Fire is a natural reaction between fuel and oxygen, which results in the release of heat energy and the growth of a flame. The products of combustion are water and carbon dioxide. There is no smoke or other products of combustion. However, the fuel and oxygen must be in sufficient quantities to create a complete combustion, or ‘burning’. Hence, there must be enough oxygen available to provide the fuel and oxygen with the energy to ignite and spread the flame.
What causes a flame to be a certain color? Essentially, all carbon that is burned in a fuel source is oxidized, resulting in a color that is blue, green, or orange. However, some trace amounts of carbon are released into the flame as it burns. This is why there are a wide variety of colors associated with the color of flames. Let’s take a closer look at the different types of flames and how they affect a flame’s appearance.
Rate of spread
The forward rate of fire spread was studied using a semi-physical network model. This model used the 10 m open wind speed and forward distance in its mathematical equations. It was compared to real fire data, and the differences were assessed as mean absolute error, bias error, and standard deviation. The researchers conclude that the forward rate of fire spread is an important component of defining fire suppression strategies and public warnings. To determine this rate, the researchers investigated the possibility of a simple relationship between open wind speed and the forward spread rate of fire.
Chemical composition of fuels
Inflammable materials such as petrol, wood, coal, and natural gas can be ignited in fires. The composition of the fuel is what determines how quickly it ignites. Fuels containing carbon, hydrogen, and oxygen are called organic. Some also contain nitrogen. Inorganic fuels, on the other hand, contain no carbon and are known as combustible metals. These materials react with oxygen in different ways and are therefore combustible.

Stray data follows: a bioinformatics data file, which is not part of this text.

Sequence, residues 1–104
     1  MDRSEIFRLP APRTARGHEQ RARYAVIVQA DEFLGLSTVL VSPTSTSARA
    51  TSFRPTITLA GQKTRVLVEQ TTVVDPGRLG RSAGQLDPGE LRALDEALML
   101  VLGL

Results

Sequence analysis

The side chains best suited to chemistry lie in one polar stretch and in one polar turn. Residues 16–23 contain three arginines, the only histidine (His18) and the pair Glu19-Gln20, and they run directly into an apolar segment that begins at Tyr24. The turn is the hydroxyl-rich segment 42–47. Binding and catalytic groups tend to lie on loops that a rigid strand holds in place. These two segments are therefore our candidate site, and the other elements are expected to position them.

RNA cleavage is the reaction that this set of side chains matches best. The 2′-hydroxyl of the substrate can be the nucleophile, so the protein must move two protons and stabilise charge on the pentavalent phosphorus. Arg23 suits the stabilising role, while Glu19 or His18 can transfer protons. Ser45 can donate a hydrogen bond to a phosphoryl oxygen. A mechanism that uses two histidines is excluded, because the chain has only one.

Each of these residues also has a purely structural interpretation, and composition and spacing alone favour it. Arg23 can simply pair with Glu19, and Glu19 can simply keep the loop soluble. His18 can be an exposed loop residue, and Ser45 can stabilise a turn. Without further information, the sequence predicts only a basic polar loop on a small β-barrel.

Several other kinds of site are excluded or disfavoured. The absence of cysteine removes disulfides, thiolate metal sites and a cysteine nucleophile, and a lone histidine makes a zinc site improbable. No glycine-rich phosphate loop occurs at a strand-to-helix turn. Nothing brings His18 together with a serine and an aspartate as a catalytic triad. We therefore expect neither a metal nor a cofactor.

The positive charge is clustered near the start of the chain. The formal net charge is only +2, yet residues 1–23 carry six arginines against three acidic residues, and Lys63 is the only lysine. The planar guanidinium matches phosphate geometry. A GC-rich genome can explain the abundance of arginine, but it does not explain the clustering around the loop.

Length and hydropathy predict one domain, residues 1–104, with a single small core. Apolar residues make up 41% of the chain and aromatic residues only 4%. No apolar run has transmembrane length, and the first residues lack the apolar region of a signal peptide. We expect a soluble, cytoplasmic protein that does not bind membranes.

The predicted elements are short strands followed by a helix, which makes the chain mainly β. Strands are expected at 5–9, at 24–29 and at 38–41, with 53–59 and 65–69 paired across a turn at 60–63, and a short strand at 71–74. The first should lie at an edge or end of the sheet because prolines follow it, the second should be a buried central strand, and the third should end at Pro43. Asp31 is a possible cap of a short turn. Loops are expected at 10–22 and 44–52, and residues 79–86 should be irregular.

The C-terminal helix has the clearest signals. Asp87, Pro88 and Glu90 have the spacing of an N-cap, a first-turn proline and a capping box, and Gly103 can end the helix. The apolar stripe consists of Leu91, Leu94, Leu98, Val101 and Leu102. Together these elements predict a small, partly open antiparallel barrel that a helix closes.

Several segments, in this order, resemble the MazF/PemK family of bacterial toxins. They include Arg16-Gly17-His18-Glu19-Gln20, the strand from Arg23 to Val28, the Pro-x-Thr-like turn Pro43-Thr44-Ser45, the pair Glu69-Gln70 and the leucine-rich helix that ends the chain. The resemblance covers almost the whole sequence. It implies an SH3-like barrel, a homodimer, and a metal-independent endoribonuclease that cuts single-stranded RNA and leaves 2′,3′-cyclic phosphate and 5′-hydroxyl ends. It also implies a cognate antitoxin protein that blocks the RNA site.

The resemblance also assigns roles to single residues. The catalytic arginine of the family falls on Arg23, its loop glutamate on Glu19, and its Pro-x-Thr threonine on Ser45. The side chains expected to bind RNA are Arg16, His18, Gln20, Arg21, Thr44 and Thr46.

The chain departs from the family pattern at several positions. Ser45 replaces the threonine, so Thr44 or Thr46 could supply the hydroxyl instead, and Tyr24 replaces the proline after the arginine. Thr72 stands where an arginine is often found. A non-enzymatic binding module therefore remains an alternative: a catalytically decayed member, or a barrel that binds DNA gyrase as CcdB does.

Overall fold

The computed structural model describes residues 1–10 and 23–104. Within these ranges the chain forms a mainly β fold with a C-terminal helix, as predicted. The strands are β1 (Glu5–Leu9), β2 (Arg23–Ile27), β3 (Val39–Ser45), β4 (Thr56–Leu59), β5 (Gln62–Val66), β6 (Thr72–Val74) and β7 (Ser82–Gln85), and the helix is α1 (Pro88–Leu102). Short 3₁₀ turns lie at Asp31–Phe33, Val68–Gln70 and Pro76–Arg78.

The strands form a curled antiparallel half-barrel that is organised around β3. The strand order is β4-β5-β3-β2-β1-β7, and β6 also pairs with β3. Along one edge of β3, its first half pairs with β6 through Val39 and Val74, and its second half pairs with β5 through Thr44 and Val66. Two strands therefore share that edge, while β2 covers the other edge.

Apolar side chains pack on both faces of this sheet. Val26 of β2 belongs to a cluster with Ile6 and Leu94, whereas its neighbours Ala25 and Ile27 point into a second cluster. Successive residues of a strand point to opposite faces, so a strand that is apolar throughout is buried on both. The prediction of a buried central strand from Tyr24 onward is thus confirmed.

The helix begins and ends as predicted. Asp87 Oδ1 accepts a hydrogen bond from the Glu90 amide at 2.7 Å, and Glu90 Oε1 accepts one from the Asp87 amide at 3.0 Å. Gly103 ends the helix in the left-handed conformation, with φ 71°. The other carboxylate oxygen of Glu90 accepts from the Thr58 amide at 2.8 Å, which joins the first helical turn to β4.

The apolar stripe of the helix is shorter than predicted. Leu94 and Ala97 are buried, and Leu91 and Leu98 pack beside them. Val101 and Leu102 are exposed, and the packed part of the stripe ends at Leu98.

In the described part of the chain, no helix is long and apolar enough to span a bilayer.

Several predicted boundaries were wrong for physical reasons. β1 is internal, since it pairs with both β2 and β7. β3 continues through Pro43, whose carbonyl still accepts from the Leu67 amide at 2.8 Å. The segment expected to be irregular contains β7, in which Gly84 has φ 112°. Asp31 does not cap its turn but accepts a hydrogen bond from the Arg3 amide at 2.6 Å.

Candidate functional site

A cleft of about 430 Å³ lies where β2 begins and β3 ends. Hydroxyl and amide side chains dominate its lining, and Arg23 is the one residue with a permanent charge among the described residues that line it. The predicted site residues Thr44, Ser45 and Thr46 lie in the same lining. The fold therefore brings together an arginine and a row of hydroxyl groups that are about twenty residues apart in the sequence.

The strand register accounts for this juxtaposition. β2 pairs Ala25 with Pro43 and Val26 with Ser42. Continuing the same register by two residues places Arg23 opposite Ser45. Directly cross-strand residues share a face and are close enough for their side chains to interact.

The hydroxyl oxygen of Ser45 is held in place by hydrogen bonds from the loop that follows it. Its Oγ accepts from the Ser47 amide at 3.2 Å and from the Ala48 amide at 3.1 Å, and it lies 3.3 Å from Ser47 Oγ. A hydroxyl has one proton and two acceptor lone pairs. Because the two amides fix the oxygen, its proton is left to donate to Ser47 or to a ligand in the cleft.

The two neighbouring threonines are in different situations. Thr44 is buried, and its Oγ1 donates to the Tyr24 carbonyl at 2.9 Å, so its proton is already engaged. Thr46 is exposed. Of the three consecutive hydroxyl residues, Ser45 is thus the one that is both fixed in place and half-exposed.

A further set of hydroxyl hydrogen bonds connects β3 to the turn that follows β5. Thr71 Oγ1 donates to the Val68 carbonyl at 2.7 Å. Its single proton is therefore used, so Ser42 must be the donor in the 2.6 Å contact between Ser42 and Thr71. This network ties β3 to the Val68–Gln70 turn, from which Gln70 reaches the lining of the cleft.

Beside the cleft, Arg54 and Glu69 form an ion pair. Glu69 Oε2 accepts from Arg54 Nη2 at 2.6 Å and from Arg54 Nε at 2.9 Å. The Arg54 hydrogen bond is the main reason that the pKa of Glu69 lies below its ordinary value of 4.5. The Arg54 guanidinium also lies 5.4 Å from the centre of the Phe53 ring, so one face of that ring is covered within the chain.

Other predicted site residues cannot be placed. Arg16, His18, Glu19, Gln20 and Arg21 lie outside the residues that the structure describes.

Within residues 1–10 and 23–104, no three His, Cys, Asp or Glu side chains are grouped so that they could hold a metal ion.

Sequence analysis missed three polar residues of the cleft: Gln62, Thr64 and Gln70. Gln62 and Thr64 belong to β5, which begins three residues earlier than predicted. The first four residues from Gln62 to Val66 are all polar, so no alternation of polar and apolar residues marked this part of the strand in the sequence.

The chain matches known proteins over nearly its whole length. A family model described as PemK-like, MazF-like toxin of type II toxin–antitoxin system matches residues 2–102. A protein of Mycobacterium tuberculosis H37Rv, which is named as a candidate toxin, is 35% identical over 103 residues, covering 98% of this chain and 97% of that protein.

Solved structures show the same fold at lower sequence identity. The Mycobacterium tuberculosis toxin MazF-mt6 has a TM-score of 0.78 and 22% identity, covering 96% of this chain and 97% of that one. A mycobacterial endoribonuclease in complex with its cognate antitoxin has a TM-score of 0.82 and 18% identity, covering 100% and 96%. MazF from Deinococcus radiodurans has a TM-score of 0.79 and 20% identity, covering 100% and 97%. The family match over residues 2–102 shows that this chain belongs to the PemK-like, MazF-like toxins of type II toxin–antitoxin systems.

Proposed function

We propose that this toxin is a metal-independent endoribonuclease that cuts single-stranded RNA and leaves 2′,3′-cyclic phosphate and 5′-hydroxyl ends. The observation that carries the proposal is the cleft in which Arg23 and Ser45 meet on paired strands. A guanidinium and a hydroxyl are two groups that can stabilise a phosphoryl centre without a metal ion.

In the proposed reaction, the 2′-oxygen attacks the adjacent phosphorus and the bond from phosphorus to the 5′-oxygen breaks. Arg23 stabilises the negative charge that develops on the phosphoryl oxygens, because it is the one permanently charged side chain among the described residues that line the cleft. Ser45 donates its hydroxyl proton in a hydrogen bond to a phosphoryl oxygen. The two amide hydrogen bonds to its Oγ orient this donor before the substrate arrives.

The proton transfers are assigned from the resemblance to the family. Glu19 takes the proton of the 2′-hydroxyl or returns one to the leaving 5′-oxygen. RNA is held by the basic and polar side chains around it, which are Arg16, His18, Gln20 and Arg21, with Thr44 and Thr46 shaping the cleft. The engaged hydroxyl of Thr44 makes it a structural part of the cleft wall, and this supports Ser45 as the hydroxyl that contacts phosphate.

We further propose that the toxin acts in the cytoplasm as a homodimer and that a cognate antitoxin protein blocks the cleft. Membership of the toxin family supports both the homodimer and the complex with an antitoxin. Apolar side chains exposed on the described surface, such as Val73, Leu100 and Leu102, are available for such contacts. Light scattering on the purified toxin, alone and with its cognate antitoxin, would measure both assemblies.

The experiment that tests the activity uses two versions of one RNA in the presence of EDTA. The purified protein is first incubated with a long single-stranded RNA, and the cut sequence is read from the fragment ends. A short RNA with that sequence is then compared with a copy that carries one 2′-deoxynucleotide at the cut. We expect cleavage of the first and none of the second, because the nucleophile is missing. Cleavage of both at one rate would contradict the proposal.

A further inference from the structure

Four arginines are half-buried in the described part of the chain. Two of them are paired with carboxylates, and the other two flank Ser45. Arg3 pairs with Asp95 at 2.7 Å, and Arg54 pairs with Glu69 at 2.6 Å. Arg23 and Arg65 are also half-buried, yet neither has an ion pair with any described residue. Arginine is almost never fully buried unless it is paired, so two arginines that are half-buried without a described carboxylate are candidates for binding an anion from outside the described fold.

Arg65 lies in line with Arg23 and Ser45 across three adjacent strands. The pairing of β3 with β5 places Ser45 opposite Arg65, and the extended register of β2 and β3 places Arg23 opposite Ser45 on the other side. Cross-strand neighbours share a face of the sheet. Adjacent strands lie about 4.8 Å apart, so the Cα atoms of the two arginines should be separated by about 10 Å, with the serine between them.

In California, fire season began early, with large wildfires burning with surprising vigor in May. These fires were fueled by unprecedented levels of fuel resulting from years of drought and fire exclusion. Today’s fuels for fire are a mixture of dead trees, logging slash, and snow-crushed brush, along with highly flammable undergrowth, including many non-native grasses that promote rapid ignition and rapid spread.
The drying of dead fuels with free water takes place in three stages, with different mechanisms prevailing in each step. The first step of the drying process is known as the constant-rate period, which is independent of the fuel’s actual moisture content and hygroscopicity. The rate of drying decreases when the total fuel surface is below the critical moisture content, or fiber saturation. The second step, the decreasing-rate period, occurs as a result of the drying process slowing down and the fuel’s saturated surface area becoming dry. In this step, the moisture content of the fuel decreases by gradually evaporating back into the atmosphere.
Incandescence is the emission of electromagnetic radiation at high temperatures. Nearly all substances glow at around 798 K. Below this temperature, the incandescence is too weak to be noticeable, but at higher temperatures, it becomes brighter and changes color from red to white or blue. During a fire, this radiation causes the burning materials to emit light. It is a natural phenomenon and occurs all around us. Fires and heat are the primary causes of incandescence.
Light produced by fire
Fire produces light by scattering incoming light beams. This happens because light beams are not direct interactions between themselves. They cannot absorb each other and never bounce off one another. In addition, they do not deflect each other. Light consists of quantum particles called photons. These bosons can overlap and carry energy. This energy is released as light when the objects burned lose electrons. This light reflects off the surface of objects, creating a shadow.